A moment of sheer terror

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Blog entry by Farrout posted 01-09-2015 01:02 PM 1329 reads 0 times favorited 9 comments Add to Favorites Watch

I had mounted my router in the collar on the router table to do a 3/16” deep cut.
I didn’t realize there was not enough of the motor being held by the collar until I turned it on and started making a cut.
The motor while still running, slipped out of the collar and dropped to the concrete floor.
I had a 3/4” straight bit in it and it was dancing around the floor like a cat on steroids.
Within seconds I had visions of it hitting my ankle and cutting my foot off.
Fortunately I shortly had the presence of mind to get to the cord and unplug it.
The only damage, thank goodness, was the loss of the bit. Much easier to replace than my foot.

-- If we learn from our mistakes, I should be a genius!

9 comments so far

View dbray45's profile


3147 posts in 2197 days

#1 posted 01-09-2015 01:23 PM

You may want to invest in a paddle switch to turn off you tool in a hurry.

-- David in Damascus, MD

View DIYaholic's profile


19137 posts in 2095 days

#2 posted 01-09-2015 01:56 PM

You may want to invest in a paddle switch to turn off you tool in a hurry.

- dbray45

That and more clean underwear!!!
Glad all turned out ok & that you weren’t hurt!

-- Randy-- I may not be good...but I am slow! If good things come to those who wait.... Why is procrastination a bad thing?

View ChuckC's profile


821 posts in 2355 days

#3 posted 01-09-2015 02:22 PM

I’m glad it worked out and only your bit got damaged. I fly large model helicopters and when you crash them they often remain running and beat them self up on the ground flip flopping all over the place. People call it the chicken dance. Sounds like that’s what happened to your router!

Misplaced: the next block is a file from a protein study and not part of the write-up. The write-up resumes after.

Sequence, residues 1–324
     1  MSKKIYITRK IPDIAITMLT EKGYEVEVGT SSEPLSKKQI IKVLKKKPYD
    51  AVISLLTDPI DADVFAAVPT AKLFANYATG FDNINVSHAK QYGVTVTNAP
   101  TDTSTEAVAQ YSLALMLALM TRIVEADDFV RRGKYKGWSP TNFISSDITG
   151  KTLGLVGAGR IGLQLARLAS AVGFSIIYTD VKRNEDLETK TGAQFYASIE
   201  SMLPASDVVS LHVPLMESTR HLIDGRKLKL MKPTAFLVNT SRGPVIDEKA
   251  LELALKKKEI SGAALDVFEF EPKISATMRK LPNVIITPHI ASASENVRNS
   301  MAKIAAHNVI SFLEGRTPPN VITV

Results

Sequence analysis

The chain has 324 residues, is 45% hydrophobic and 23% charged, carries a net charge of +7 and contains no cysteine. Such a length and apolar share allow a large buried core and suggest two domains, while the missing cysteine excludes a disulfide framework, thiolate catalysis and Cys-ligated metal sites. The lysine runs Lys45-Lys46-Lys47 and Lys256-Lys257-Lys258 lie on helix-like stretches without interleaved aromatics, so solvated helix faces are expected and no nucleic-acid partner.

View tyvekboy's profile


1308 posts in 2433 days

#4 posted 01-09-2015 05:13 PM

I can relate to your experience. It too happened to me when I had my 3-1/4hp PC router mounted on my router table in itʻs fixed base. I forgot to secure the clamp the when I turned it on. It too spun itself out of the base and did the chicken dance on the floor.

Since that experience, I invested in a good router lift and a paddle safety switch.

I donʻt need that kind of excitement in my shop either. lol

-- Tyvekboy -- Marietta, GA ………….. one can never be too organized

View Mean_Dean's profile (online now)


4939 posts in 2568 days

#5 posted 01-09-2015 10:08 PM

Well, router bits are a lot easier to replace than feet…......!

-- Dean

View stefang's profile


15512 posts in 2754 days

#6 posted 01-10-2015 08:32 PM

Good of you to post your experience. It my save someone else from do the same.

-- Mike, an American living in Norway.

View Roger's profile


19714 posts in 2224 days

#7 posted 01-10-2015 09:36 PM

Yes indeed. Whew, we never know when the unthinkable, unpredictable, and unimaginable thing might happen. I really am glad you have your foot, and any other body parts that could have been missing, and you weren’t hurt at all. We always have to be at the ready for anything.

-- Roger from KY. Work/Play/Travel Safe. Keep your dust collector fed.

View Farrout's profile


185 posts in 2574 days

#8 posted 01-10-2015 11:23 PM

Good of you to post your experience. It my save someone else from do the same.

- stefang

That was my hope.

-- If we learn from our mistakes, I should be a genius!

View robscastle's profile


3315 posts in 1624 days

#9 posted 04-04-2015 11:21 PM

So where are the pictures recording the moment?

I want to see your imprompu version of the Mexican Hat dance!

Scary stuff take care, check fitting twice and as suggested you may wish to consider fitting a safety paddle

Remember table mounted routers are a version of a shaper, of which I think have the reputation of being the most dangerous tool in the shed. (apart from the operator of course!)

-- Regards Robert

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